This flowering Hoja Santa plant covers a huge expanse of the wall between my house and my neighbor’s. All photos may be enlarged by clicking on them.
The huge leaves of this plant are used to wrap meat, fish and other food in to cook it. One leaf could wrap an entire fish. The flowers are those long white extensions that eventually thicken, change color, fall to the ground and look exactly like snakes! Mine grew from a small plant Paciano brought me years ago and it is now at least 30 feet wide and 15 feet high.
“Piper auritum is sometimes referred to as pepperleaf, sacred pepper, or root beer plant. Its holy name alludes to a Mexican legend that the Virgin Mary dried the young Messiah’s clean diapers on its branches, which seems unlikely considering the plant’s Mesoamerican origins.
The herb’s unusual flavor is hard to pin down, but it has been compared to licorice, sassafras, mint, tarragon, and eucalyptus. . . .Salsa strengthener: Hoja santa is widely used in traditional Central and South American recipes, both savory and sweet. The Aztecs likely included it in their unsweetened chocolate beverages. It is often sliced and added to pozole or egg dishes, though it is most commonly used as an ingredient in mole Amarillo and mole verde in Oaxaca. In Veracruz, Chiapas, and Tobasco, the broad heart-shaped leaves are used to wrap meat, fish, and occasionally even tamales before cooking. “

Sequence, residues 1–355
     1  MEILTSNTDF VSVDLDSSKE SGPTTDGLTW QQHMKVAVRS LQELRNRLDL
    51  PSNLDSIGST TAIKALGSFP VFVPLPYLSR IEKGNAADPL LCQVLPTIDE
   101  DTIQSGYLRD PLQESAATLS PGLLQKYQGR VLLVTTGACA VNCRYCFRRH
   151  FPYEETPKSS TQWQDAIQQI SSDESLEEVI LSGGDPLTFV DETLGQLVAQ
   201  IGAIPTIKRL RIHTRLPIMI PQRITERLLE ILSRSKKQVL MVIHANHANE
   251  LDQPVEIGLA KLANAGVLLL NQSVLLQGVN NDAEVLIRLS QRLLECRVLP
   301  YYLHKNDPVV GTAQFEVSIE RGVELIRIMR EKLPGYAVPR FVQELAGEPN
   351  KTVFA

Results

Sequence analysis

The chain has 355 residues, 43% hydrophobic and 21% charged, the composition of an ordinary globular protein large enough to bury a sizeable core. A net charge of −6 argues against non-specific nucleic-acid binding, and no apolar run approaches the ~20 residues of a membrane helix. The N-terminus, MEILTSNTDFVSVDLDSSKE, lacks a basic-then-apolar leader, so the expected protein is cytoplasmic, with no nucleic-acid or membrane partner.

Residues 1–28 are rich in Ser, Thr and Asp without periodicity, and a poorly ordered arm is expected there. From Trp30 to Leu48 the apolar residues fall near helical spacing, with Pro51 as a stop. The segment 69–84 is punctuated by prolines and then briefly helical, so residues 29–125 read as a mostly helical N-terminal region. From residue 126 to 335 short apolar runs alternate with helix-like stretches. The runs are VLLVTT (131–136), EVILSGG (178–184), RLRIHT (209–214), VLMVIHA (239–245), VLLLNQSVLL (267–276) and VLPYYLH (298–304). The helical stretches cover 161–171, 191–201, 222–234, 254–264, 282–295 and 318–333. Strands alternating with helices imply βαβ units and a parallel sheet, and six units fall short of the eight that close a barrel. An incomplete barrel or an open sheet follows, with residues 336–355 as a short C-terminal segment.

The above quotes are taken from THISwebsite. Go there for more information about this interesting plant.
Hoja Santa flowers about to fall to the ground to become snakes.
See the entire wall of Hoja Santa to the left of the pool? This is just about 1/2 of the plant, which towers over the rest of the greenery. Only the palm trees are higher.